Writing Analysis: Day Four

Today’s suggestion is something I call “Add the Commentary,” something that usually propels my AP students to having a writing and reading epiphany.  The biggest issue I see with my AP students at this point of the year is that they can identify how an author communicates an idea, but they struggle to explain how the author communicates the idea.  To try to remedy this, I construct a sample analytical paragraph—except I remove the analysis.  So I fully craft a model paragraph, replete with a complex, comprehensive claim sentence and a clear, specific, and developed example from the passage.  Then, as a group or individual, they will then need to analyze what has been provided for them.  Typically I will ask questions in the margins and suggest they answer them in a progressive nature to fully analyze the example.  Typical questions are:

  • Why is this significant?  What does it reveal explicitly about the content/topic/passage?
  • How does this connect to the argument presented in the claim sentence?
  • What is this revealing implicitly?  What is being said about society, life, human nature, etc?  What is a natural and logical progression of the example?  How is it symbolic or representative of a larger argument?

Below is a sample from the 2002 prompt from the AP English Language exam.  The prompt is:   In the following excerpt from her memoirs, Virginia Woolf (1882-1941) reflects upon her childhood summers spent in a seaside village in Cornwall, England.  Read the passage carefully.  Then write an essay in which you analyze how Woolf uses language to convey the lasting significance of these moments from her past.  To help them see the direction the essay is taking, I usually give them a thesis statement.

Thesis Statement:  While communicating a memory from her past, Virginia Woolf meticulously utilizes language, most specifically quick phrases, punctuation, diction and metaphors, to transmit the import of this reminiscence.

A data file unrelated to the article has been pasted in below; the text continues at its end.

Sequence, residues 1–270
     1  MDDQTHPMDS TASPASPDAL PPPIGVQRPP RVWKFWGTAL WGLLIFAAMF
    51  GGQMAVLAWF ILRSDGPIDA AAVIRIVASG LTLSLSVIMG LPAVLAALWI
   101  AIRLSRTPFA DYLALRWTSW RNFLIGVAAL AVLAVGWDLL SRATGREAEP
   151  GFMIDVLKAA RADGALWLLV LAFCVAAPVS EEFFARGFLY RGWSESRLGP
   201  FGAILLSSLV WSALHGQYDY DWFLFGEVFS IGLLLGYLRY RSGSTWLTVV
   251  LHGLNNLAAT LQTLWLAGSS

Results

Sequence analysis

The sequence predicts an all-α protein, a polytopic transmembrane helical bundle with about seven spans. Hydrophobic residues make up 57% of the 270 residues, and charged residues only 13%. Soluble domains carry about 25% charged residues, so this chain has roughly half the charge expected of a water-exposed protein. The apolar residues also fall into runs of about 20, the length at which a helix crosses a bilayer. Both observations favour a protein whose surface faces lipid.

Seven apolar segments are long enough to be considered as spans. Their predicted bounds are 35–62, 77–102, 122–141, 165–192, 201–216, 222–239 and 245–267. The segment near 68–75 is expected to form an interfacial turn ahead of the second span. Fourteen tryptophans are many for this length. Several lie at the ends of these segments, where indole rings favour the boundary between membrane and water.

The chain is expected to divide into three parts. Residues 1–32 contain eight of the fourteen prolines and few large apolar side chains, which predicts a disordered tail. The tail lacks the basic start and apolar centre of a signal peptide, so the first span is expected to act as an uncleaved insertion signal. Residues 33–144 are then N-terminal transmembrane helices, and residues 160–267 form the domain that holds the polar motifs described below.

• Transitional sentence for body paragraph one:  While describing a seafaring expedition with her father and brother, in which a young Woolf catches a fish, she communicates a memorable feeling of “excitement” by manipulating the sentence structure and punctuation she employs in her description of this act.
  • Evidence One-Sentence Structure:  Throughout the first section of the provided passage, Woolf makes use of short, choppy sentences to capture the thrill of catching her first fish.  She observes “there was a little leaping tug; then another; up one hauled; up through the water at length came the white twisting fish.”
  • Record the commentary in the space below:


  • Evidence Two-Punctuation:  Oftentimes this use of telegraphic sentences incorporates punctuation that increases the rapidity of the pace and thus the enthusiasm of the memory.  In the moments directly before the catch, Woolf interrupts herself to emphasize the excitement when she declares “…and then—how can I convey the excitement?—there was a little leaping tug….”
  • Record the commentary in the space below:


  • First Paragraph Wrap-Up:  

This provides a great model on how to explain an example and what kind of language the students should be using.  So many times students have an accurate understanding but aren’t sure what language to use.  Providing them an existing paragraph helps them to better understand* how to effectively communicate their points.  It also teaches them how to construct a cogent paragraph that is truly focused around one idea, something they comprehend but have a hard time implementing.  So many times my students fail to understand that examples should be centered around one specific idea, not just random devices and strategies utilized by the author.  Finally, it helps them identify the difference between discussing an example and analyzing an example, something students of all levels, abilities, and ages struggle with.


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